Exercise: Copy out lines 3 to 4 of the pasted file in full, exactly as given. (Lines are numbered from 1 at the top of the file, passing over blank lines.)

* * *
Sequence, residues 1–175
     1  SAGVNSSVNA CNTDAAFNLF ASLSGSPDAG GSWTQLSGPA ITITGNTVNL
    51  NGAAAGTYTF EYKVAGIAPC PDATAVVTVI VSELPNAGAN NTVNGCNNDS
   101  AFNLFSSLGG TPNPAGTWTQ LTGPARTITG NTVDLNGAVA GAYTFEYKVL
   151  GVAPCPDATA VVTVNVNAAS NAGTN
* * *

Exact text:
    51  NGAAAGTYTF EYKVAGIAPC PDATAVVTVI VSELPNAGAN NTVNGCNNDS
   101  AFNLFSSLGG TPNPAGTWTQ LTGPARTITG NTVDLNGAVA GAYTFEYKVL